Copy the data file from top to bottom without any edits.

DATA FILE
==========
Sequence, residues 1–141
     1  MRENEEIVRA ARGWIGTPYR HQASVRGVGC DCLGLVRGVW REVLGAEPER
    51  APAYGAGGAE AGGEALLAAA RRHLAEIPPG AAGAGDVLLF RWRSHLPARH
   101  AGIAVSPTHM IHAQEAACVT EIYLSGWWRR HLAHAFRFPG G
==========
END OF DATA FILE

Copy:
Sequence, residues 1–141
     1  MRENEEIVRA ARGWIGTPYR HQASVRGVGC DCLGLVRGVW REVLGAEPER
    51  APAYGAGGAE AGGEALLAAA RRHLAEIPPG AAGAGDVLLF RWRSHLPARH
   101  AGIAVSPTHM IHAQEAACVT EIYLSGWWRR HLAHAFRFPG G